The patient encounter doesn’t end when the patient walks out the exam room door. Those are words no primary-care physician needs to hear, but it represents reality.
Most physicians are not just documenting the patient visit in the EHR, but approving prescription refills, reviewing labs, responding to patients’ questions via the patient portal, keeping tabs on diagnoses from referring physicians, and managing the overall health of their patient panel.
Primary-care physicians are hit the hardest by excessive EHR time because of the nation’s transition to value-based care, where they act as the “quarterback” of the care team. In that role, they also serve as the default physician contact for updates on all the patients in their panel, says Jane Fogg, chair of internal medicine and population health at Atrius Health, a Newton, Mass.-based health system.
Fogg says the clinicians on her team are often logged into the EHR at 5 a.m. and don't log off until the late evening hours.
A recent study in the Annals of Family Medicine found that physicians were spending nearly six hours a day in the EHR — nearly 90 minutes of which is spent after clinic hours and often at home, which they dubbed "pajama time." The study included examining 142 physicians over three years and recommended that some of the work docs are doing in the EHR could be delegated to other staff members.
Specific recommendations by the study’s authors include:
• Proactive planned care
• Team-based care that includes expanded rooming protocols, standing orders, and panel management
• Sharing of clerical tasks, including documentation, order entry, and prescription management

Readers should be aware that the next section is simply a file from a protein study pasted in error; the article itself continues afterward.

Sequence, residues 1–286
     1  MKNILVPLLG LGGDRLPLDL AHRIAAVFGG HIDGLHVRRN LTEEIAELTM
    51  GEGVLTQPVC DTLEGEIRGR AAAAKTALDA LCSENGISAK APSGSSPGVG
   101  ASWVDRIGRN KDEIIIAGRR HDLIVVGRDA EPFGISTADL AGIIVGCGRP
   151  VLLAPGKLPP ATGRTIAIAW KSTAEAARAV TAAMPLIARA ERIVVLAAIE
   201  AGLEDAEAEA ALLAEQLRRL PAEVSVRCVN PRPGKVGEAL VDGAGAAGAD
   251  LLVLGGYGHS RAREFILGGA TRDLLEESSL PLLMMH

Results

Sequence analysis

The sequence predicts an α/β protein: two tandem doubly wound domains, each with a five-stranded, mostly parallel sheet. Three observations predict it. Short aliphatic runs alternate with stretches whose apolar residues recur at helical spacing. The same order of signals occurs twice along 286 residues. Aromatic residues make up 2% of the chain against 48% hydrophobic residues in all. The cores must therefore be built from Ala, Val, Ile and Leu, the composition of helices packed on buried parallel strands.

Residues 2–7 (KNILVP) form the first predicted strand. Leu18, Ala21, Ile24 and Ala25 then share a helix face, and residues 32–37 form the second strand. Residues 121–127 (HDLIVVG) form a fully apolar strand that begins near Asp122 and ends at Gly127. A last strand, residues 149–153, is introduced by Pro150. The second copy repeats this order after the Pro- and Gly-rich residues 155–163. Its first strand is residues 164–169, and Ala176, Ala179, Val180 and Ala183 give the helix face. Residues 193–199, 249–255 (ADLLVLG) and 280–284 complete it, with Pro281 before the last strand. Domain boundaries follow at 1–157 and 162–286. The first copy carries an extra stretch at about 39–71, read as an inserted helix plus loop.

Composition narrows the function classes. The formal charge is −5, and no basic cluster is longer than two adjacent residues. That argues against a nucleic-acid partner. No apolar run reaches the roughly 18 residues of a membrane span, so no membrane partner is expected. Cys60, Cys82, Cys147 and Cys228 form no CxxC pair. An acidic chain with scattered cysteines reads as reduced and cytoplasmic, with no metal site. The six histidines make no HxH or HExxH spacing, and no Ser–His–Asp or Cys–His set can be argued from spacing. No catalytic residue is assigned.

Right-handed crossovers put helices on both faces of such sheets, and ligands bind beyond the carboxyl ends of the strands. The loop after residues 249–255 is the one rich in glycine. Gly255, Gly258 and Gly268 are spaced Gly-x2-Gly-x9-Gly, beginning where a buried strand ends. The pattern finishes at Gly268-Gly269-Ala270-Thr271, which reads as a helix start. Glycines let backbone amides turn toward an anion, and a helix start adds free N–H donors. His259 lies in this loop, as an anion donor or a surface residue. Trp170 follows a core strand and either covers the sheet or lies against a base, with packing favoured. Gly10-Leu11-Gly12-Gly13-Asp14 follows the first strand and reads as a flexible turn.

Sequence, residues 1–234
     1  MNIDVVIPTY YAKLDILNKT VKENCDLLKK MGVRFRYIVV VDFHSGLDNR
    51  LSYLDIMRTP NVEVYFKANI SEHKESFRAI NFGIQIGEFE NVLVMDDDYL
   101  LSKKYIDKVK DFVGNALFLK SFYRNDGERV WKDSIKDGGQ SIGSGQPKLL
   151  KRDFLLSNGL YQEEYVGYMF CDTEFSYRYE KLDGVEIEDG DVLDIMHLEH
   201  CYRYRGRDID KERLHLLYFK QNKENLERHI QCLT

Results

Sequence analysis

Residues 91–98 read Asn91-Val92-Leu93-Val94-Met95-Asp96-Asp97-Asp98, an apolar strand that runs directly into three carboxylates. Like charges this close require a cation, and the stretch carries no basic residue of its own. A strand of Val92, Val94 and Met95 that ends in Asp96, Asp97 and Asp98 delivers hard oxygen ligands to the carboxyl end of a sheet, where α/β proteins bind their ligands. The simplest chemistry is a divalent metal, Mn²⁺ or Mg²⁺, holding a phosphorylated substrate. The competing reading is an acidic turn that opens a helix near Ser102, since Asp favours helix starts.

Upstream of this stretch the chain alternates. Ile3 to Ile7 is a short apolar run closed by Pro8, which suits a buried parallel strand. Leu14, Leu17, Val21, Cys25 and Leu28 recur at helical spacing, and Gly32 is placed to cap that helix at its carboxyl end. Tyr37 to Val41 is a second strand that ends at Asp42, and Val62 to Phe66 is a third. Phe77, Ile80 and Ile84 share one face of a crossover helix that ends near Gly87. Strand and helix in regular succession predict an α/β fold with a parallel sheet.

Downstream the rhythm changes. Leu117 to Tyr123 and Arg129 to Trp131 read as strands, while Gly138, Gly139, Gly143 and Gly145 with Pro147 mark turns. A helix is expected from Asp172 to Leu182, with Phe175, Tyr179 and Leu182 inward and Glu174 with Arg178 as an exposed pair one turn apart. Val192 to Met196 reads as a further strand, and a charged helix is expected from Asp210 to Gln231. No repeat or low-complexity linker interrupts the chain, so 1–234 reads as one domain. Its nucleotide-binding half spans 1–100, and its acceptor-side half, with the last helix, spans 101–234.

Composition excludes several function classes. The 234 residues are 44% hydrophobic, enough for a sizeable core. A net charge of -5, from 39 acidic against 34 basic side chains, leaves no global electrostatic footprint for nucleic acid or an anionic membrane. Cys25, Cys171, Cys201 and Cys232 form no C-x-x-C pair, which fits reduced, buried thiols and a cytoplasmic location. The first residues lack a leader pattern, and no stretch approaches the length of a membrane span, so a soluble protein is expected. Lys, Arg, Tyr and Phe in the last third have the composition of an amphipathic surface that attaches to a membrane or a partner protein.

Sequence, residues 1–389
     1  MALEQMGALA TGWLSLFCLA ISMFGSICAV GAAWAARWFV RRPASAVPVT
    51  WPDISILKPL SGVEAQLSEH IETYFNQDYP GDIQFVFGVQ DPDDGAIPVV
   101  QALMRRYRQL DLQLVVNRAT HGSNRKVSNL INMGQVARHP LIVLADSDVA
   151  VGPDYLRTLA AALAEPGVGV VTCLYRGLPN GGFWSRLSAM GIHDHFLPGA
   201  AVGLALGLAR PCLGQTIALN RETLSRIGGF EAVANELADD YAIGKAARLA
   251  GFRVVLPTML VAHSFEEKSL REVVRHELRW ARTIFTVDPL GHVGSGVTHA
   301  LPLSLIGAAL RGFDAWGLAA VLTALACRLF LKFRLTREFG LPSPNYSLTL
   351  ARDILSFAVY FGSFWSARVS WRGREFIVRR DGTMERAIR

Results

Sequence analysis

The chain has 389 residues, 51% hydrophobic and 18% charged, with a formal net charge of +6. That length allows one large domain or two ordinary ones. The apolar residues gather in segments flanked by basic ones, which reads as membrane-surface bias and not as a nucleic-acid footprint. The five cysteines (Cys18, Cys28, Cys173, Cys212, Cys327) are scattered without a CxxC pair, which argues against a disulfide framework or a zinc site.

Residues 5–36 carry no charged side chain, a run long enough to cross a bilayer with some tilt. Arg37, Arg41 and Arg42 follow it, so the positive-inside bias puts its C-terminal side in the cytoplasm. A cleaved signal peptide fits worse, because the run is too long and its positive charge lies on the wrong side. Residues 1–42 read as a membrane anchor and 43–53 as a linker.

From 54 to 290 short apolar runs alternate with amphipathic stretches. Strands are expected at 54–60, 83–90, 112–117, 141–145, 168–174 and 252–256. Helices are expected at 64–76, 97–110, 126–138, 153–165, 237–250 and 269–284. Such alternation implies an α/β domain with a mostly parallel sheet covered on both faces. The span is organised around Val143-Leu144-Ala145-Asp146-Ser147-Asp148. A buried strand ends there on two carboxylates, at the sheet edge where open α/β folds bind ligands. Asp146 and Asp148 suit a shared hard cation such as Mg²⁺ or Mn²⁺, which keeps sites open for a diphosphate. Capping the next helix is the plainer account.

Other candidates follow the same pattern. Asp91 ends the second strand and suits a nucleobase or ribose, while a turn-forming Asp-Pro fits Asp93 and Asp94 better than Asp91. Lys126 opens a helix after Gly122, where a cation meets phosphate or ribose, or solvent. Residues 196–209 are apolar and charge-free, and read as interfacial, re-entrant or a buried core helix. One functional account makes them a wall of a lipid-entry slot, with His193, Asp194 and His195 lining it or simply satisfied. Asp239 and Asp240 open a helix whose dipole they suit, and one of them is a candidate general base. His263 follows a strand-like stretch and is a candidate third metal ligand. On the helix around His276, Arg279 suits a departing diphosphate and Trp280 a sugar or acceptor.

• Verbal communication and shared in-box work
• Improved team function
The study’s finding that physicians were spending two hours in the EHR for every hour they were spending with patients was no surprise to Fogg. While she encourages physicians to pursue ongoing training in the EHR, she says they really need the support of their practice in order to be more efficient. Specifically, Atrius Health has undergone several initiatives to help physicians achieve this EHR optimization.
• Smarter inbox management. The physician’s inbox is where they receive questions from patients and referral requests and updates from specialists. Until recently, all of the updates from specialists arrived in the primary-care physician’s inbox at Atrius Health, and that was the case whether it was just a message informing the doc that their patient was fine or if there was something problematic.
All of those updates informing primary-care physicians that their patients’ status is unchanged are effectively taking over physicians’ inboxes, and they don’t deliver clinical value, says Fogg.